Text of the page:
Jeff: Yeah, something like that. Or my, even just to a little thing, like my day was awful.
Doreen: Right. Yeah. I’m sure that not all of a particular day is awful. Right? There had to be. Look, if you woke up in the morning, that’s a good thing.
Jeff: Yeah. Some people will agree with that
Doreen: And maybe most of the day was pretty sucky, you know? But if that’s a word, but you know what I’m saying? It’s like just having that open mind that not everything is all good or all bad, I think helps to help our listeners to heal. Right? And to have a gentler and kinder thought and feeling about forgiveness in the past for whatever did go wrong. Right. Recognizing there was good and also moving forward, right?
Jeff: I think that the all or nothing mindset can stifle your, your healing process and it can move you away from a better life after divorce.
Doreen: Well, certainly because if you are, if you have the all or nothing mentality about your ex and it’s all bad, the all, he’s all bad or she’s all bad mentality, all that energy, that’s, you know, expending in your thoughts about that and the feelings that come with that, those types of thoughts, which are not nice feelings, or negative feelings are usually hurt, anger, sadness, those types of things. So the thing is to bring awareness to that. And I know Jeff, you wanted to talk about another point about what moving forward.
Jeff: Well, well, I think that if one of the most dangerous thoughts that you could have is blaming yourself fully for the divorce.
Doreen: Yes. For those of you out there that are dealing with a lot of blame, for whatever reason, maybe you decided to call the marriage quit, you know, you wanted, you were the one that filed for the divorce or said to your exes and you know, it’s just not working out or maybe you did something that was the straw that broke the camel’s back kind of thing.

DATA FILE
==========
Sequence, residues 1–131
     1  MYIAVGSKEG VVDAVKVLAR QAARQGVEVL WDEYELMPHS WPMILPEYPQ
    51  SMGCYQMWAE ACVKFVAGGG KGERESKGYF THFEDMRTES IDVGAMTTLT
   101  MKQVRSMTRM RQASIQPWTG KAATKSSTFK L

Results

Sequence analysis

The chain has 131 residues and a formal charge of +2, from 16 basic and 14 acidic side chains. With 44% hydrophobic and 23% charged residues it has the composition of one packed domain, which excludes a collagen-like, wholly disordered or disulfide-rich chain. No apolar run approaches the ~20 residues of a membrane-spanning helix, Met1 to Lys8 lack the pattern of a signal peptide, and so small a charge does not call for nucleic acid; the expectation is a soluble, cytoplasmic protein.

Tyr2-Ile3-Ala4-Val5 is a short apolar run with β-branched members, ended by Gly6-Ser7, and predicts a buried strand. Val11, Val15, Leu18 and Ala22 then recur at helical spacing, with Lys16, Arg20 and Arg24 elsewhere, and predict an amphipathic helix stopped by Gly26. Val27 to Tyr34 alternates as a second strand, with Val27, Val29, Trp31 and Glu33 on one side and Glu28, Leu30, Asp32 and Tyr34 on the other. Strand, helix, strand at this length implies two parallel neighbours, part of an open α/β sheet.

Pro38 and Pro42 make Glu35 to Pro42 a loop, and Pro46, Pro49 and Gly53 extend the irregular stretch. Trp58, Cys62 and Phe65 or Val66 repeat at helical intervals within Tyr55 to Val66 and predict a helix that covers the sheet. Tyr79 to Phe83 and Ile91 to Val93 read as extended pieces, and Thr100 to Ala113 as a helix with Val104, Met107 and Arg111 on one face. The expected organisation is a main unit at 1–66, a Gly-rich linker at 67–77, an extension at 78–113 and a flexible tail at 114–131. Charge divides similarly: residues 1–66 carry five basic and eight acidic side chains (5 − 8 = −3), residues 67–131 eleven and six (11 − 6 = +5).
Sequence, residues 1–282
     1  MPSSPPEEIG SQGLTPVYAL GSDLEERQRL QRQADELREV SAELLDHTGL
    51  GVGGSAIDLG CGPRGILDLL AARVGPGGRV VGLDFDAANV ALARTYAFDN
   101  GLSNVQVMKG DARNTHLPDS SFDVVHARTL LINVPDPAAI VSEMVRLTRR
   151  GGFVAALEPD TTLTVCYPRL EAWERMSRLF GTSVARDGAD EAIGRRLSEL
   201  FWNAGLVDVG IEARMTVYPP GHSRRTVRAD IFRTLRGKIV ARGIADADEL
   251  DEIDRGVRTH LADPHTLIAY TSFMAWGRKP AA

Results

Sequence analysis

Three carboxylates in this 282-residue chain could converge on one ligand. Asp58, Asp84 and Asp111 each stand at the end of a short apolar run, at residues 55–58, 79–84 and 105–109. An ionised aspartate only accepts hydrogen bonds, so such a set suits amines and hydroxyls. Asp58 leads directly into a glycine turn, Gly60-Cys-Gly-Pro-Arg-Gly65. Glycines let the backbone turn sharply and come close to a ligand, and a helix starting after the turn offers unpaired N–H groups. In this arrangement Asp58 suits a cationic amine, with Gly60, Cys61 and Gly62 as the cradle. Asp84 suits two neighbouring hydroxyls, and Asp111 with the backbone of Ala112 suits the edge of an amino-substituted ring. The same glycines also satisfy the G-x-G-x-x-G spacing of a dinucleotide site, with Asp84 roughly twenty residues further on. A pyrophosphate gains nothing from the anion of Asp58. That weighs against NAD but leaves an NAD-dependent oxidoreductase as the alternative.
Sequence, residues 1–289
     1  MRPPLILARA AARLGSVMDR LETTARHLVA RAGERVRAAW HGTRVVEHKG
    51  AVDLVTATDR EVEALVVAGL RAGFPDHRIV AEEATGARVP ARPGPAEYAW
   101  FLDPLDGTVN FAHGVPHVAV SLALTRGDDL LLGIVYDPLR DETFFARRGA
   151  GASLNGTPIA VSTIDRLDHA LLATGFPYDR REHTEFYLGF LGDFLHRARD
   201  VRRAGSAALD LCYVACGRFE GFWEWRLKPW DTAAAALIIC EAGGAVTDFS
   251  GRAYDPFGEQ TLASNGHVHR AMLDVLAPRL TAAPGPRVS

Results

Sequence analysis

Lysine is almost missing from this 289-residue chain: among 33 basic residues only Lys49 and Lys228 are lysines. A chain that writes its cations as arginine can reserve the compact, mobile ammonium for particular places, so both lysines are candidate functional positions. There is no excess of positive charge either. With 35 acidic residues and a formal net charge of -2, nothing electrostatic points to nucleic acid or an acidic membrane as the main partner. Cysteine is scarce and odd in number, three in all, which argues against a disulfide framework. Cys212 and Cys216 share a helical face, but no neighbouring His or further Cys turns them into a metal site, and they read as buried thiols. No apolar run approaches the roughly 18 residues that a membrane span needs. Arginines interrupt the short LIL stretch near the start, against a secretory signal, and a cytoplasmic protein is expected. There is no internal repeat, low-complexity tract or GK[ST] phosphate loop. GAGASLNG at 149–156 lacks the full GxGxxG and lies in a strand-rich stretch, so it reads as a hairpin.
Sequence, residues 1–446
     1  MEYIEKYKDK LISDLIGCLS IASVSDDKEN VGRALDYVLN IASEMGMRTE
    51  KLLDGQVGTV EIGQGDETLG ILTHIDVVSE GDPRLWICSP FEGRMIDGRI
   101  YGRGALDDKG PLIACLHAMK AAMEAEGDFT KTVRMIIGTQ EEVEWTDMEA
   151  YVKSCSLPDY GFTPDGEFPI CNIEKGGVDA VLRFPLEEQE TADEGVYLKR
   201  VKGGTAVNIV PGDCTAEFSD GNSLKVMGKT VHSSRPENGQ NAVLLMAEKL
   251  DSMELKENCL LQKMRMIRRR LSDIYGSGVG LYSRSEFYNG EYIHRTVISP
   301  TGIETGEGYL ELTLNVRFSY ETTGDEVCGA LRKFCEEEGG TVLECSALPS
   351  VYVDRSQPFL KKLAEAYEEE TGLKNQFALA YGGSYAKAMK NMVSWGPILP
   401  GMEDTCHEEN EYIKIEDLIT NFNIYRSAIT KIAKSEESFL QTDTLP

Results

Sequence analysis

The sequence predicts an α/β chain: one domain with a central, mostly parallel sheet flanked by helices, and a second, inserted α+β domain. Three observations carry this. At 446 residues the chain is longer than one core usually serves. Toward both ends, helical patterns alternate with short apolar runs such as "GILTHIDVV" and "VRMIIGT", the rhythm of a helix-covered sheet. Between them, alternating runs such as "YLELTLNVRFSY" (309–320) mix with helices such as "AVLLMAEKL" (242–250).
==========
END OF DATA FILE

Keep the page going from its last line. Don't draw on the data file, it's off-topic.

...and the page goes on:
You know, we tend to be very, very hard on ourselves. More so than we would on even a stranger, and sometimes harder even on ourselves than we would be on someone we don’t even like. Right?
It’s so easy to be very hard on ourselves, and if you are dealing with a lot of guilt and feel that you’re to blame for the divorce, let me suggest to kind of put on the thought process that it is typically not one person who caused a divorce. A divorce generally doesn’t generally, and that’s generally doesn’t happen because of one action. It may be the last action that is the most fresh, and the one that’s focused on even, and I’m gonna say this gently, in situations when you have someone who’s cheated, you know, it’s very easy to focus in that he’s the cheater and so he’s bad, and this is why we’re getting divorced, but I just want you to try on for size, okay.
Having experience with, you know, basically going on, what is it, 29, 30 years of handling divorce cases, it’s not just one act. If someone is the person that’s, I guess to blame for that last act that caused the, that’s the end for me. I’m done. You really have to take some self-responsibility. You have to look at yourself and say, you know, did I contribute to this? Like, was I partially to blame or to be account, should I be accountable for the end of the marriage? You know, were there things that I did? Because if you don’t do that, you don’t learn. You place all the blame on someone else for being a hundred percent bad and you don’t grow or learn from it. If you cannot take responsibility for your own. Your own part in it.
Jeff: Right. And I think the word partially is a big, important word that you use there because you can think about it and say, oh yes, I am to blame. No, but there are two people.
Doreen: It’s not a hundred percent one person.
Jeff: There’s two people that are, or the reason, I don’t even like the word blame, but two people that are the reason why the marriage ended.
Doreen: And you know, it’s hard for a lot of people to hear that because it’s very easy to hold onto, you know, your thought is it’s very easy to hold onto placing the blame a hundred percent on someone else, right?
Jeff: Yeah. You know, one thing I remember we were, you were talking to a client this morning. And you had said, and I think they were blaming themselves. I didn’t hear the whole conversation, but you had mentioned, what would you say to your friend, right, that was blaming everything on herself? What would you say to your friend? Yeah. You probably are more sympathetic to your friend than you are to yourself.